Veterinary professionals are still researching and discovering what exactly causes separation anxiety in dogs and the impact it has on them. Sometimes the anxiety may be situational and may only happen if the dog is subjected to a particular trigger like a thunderstorm, fireworks, or being around small children. This is why it's a good idea to refer to a behavioral therapist or veterinarian first to find out exactly what is causing the distress. Especially if it's interfering with your dog's health, diet, or harmony within the household. Once that's been established, then the right training or calming measures can be recommended.

It may take a lot of time and training to help your dog work through what’s causing the problem, so be sure to do your research. Keep in mind that the behavior didn't develop overnight and it won't be "cured" or fixed overnight either. You'll have to work with your dog consistently or hire a professional trainer to ensure the techniques are being done correctly.

How to Stop Your Dog From Following You

small mixed breed dog stands on recliner and stares intently out window

Treehugger / Dan Amos

While having your dog follow you is normal and natural, there are times when the behavior can become problematic. On one hand, it could be a minor nuisance if you work from home or have other chores you’re trying to do and your dog keeps getting in the way. On the other hand, it could be detrimental to the dog because it’s a sign of stress or anxiety that could lead to long-term issues.

If the dog is a young puppy, this could likely be resolved through training and positive reinforcement. If the dog is more mature, it could take a long time, if ever, to help the dog through it.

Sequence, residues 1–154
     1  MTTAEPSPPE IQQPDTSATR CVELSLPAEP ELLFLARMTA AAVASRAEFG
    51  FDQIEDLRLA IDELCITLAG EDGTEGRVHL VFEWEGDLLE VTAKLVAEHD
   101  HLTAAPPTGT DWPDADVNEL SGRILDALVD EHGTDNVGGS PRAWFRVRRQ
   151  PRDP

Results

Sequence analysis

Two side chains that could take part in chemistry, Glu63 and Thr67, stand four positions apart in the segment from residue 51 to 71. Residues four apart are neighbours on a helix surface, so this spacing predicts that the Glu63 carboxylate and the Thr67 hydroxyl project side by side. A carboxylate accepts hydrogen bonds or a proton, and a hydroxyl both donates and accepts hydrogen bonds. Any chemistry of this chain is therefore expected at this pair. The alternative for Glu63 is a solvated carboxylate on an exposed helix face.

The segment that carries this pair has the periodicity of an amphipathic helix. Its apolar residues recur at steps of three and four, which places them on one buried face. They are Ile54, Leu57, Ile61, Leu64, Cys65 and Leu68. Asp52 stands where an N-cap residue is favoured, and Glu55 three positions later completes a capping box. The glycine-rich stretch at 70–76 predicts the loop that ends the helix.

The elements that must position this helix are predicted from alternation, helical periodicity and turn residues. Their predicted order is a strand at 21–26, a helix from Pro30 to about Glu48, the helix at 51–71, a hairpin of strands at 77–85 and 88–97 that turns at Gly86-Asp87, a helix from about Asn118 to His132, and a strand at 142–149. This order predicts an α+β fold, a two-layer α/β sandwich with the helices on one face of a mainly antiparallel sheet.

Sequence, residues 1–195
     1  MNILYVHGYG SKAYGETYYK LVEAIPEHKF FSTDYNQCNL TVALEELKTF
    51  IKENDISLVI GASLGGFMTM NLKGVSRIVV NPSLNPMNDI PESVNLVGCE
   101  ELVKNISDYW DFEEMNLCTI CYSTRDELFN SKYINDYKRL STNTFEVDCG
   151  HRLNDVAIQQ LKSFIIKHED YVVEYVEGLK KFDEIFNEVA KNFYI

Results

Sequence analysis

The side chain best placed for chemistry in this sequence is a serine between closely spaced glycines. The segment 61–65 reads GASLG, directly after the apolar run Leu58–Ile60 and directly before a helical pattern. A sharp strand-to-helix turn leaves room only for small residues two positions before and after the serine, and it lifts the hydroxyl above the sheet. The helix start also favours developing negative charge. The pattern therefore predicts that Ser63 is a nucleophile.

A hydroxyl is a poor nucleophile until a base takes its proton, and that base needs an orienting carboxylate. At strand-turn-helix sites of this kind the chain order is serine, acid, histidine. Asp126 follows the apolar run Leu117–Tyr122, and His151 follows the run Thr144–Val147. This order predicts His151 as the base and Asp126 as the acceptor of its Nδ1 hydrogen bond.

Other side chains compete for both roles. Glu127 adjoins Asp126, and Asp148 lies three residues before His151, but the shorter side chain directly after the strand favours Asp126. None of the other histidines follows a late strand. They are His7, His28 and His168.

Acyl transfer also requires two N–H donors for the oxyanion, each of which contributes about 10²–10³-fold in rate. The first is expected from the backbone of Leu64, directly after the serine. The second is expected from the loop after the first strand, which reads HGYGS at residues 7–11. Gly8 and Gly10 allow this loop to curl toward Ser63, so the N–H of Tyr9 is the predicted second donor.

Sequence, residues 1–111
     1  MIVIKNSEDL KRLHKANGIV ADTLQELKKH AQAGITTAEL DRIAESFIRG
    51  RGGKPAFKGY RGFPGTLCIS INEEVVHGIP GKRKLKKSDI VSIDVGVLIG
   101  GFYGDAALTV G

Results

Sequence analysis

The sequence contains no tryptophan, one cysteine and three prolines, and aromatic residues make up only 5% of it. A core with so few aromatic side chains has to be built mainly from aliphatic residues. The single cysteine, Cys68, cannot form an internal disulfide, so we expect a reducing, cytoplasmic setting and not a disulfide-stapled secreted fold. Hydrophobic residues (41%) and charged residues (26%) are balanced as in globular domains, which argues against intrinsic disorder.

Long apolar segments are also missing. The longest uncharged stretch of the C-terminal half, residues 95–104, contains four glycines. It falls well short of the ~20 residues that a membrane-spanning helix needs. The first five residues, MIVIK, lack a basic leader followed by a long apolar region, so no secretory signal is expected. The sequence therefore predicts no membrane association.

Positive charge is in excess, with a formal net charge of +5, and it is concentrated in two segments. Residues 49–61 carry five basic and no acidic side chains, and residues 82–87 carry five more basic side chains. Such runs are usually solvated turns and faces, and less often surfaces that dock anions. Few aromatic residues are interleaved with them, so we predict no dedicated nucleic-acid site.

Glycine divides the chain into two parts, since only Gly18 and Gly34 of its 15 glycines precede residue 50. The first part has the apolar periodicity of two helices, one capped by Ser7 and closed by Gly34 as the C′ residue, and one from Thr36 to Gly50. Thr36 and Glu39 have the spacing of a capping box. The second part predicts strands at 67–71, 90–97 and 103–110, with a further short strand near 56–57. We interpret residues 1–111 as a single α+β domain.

The dog could be ill, bored, nervous, or stressed. If the dog is also whining, whimpering, or exhibiting nervous mannerisms, it could be time to consult a vet or dog trainer.

blonde woman and small dog perform tricks while playing outside on green lawn

Treehugger / Dan Amos

One way to address the behavior might be putting your dog in a secure and gated area inside the house or outdoors. Another trick might be to make sure the dog socializes enough. If your dog spends all of its time with you and you alone, it may develop an aversion to being away from you or interacting with other humans or dogs.

Reinforcing good behavior with treats will also ensure that your dog understands it shouldn't, and doesn't need to, follow you around all the time. Once dogs learn that they're not in any danger, that they can still be part of the pack even if you're not around, the dog will learn to relax.

View Article Sources
  1. Arvelius, Per et al. "Measuring Herding Behavior In Border Collie—Effect Of Protocol Structure On Usefulness For Selection." Journal Of Veterinary Behavior, vol. 8, no. 1, 2013, pp. 9-18., doi:10.1016/j.jveb.2012.04.007

  2. Herron, Meghan E. et al. "Effects Of Preadoption Counseling On The Prevention Of Separation Anxiety In Newly Adopted Shelter Dogs." Journal Of Veterinary Behavior, vol. 9, no. 1, 2014, pp. 13-21., doi:10.1016/j.jveb.2013.09.003

  3. de Assis, Luciana S. et al. "Developing Diagnostic Frameworks In Veterinary Behavioral Medicine: Disambiguating Separation Related Problems In Dogs." Frontiers In Veterinary Science, vol. 6, 2020, doi:10.3389/fvets.2019.00499

  4. Sargisson, Rebecca. "Canine Separation Anxiety: Strategies For Treatment And Management." Veterinary Medicine: Research And Reports, 2014, p. 143., doi:10.2147/vmrr.s60424